Dissertation, Rutgers University (2008)

Jonathan Ichikawa
University of British Columbia
Among the tools the epistemologist brings to the table ought to be, I suggest, a firm understanding of the imagination--one that is informed by philosophy of mind, cognitive psychology, and neuroscience. In my dissertation, I highlight several ways in which such an understanding of the imagination can yield insight into traditional questions in epistemology. My dissertation falls into three parts. In Part I, I argue that dreaming should be understood in imaginative terms, and that this has important implications for questions about dream skepticism. In Part II, I argue that an understanding of the imagination is important for understanding important parts of philosophical methodology--particularly those involving thought experiments. I mean in Part II to be vindicating a great deal of traditional methodology. In Part III, I explore what I take to be a number of deep connections between knowledge and counterfactuals. I defend a form of contextualism in each domain, and argue that inference among imaginings, with its important structural similarities to inference in belief, plays a central role in the epistemology of counterfactuals.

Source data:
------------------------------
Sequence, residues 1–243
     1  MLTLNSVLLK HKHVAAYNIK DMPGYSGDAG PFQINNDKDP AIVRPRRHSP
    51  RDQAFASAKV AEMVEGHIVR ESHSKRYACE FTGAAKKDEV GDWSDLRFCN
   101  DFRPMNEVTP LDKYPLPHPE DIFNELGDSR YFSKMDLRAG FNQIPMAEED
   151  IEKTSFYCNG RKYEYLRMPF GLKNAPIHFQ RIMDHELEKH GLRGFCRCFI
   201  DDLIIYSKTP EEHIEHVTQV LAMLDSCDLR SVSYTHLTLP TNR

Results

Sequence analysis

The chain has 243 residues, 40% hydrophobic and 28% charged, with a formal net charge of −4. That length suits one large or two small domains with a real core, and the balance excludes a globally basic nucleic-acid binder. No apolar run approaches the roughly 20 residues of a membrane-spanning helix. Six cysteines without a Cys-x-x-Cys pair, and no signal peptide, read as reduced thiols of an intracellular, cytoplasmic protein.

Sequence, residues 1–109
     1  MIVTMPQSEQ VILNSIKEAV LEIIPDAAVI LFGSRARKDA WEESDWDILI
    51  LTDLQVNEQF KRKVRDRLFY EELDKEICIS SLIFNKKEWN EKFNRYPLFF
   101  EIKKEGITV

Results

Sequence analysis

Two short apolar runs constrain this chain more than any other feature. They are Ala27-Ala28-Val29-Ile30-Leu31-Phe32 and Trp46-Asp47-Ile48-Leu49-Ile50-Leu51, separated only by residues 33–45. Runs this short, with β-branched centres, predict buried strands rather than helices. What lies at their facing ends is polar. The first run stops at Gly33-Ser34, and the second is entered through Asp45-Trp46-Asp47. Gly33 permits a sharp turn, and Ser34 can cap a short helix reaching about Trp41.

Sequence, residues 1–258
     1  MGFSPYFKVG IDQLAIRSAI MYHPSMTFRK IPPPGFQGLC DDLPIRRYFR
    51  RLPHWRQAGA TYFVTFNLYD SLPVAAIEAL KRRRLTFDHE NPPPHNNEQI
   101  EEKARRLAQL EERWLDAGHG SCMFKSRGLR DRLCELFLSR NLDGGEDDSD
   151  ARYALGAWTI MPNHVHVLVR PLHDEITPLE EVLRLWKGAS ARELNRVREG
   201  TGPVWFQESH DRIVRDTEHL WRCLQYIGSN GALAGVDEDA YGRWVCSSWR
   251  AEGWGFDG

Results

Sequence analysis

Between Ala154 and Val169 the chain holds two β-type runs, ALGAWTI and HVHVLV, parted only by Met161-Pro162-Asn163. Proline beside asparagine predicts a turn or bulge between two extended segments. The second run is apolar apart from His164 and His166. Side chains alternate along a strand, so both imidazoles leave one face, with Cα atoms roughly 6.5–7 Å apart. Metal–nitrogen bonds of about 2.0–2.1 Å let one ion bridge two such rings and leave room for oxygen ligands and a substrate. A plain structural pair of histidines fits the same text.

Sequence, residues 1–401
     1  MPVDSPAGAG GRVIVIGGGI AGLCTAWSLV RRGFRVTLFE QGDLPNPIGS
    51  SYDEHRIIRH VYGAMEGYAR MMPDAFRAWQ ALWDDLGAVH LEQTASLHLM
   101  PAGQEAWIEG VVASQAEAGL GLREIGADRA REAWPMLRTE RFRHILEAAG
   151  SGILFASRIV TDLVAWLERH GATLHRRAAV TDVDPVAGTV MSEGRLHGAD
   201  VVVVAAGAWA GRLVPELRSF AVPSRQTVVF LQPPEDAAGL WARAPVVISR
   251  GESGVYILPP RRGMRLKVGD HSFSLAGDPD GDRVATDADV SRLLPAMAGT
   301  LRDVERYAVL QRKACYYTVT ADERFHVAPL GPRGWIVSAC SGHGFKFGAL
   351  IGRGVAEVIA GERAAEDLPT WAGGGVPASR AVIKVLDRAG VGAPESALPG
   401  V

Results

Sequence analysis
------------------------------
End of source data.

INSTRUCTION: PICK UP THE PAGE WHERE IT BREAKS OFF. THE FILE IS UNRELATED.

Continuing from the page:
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References found in this work BETA

Elusive Knowledge.David K. Lewis - 1996 - Australasian Journal of Philosophy 74 (4):549 – 567.
Epistemic Luck.Duncan Pritchard - 2005 - Oxford University Press UK.
Zettel.Ludwig Wittgenstein - 1967 - Blackwell.

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